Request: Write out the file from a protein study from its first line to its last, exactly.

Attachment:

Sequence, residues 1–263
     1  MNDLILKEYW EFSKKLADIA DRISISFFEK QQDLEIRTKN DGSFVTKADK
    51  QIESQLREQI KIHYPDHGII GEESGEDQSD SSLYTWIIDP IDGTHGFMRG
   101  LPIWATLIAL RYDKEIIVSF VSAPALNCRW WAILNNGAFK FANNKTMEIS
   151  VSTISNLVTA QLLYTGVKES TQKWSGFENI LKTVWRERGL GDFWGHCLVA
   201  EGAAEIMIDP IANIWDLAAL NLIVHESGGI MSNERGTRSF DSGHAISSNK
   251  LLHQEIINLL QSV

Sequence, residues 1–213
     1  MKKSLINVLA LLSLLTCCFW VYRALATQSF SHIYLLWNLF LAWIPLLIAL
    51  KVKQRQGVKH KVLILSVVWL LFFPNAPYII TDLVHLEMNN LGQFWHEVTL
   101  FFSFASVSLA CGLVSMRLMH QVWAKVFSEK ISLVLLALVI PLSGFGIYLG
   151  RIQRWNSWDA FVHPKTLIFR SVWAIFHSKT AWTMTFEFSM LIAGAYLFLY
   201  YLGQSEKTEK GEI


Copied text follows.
Sequence, residues 1–263
     1  MNDLILKEYW EFSKKLADIA DRISISFFEK QQDLEIRTKN DGSFVTKADK
    51  QIESQLREQI KIHYPDHGII GEESGEDQSD SSLYTWIIDP IDGTHGFMRG
   101  LPIWATLIAL RYDKEIIVSF VSAPALNCRW WAILNNGAFK FANNKTMEIS
   151  VSTISNLVTA QLLYTGVKES TQKWSGFENI LKTVWRERGL GDFWGHCLVA
   201  EGAAEIMIDP IANIWDLAAL NLIVHESGGI MSNERGTRSF DSGHAISSNK
   251  LLHQEIINLL QSV

Sequence, residues 1–213
     1  MKKSLINVLA LLSLLTCCFW VYRALATQSF SHIYLLWNLF LAWIPLLIAL
    51  KVKQRQGVKH KVLILSVVWL LFFPNAPYII TDLVHLEMNN LGQFWHEVTL
   101  FFSFASVSLA CGLVSMRLMH QVWAKVFSEK ISLVLLALVI PLSGFGIYLG
   151  RIQRWNSWDA FVHPKTLIFR SVWAIFHSKT AWTMTFEFSM LIAGAYLFLY
   201  YLGQSEKTEK GEI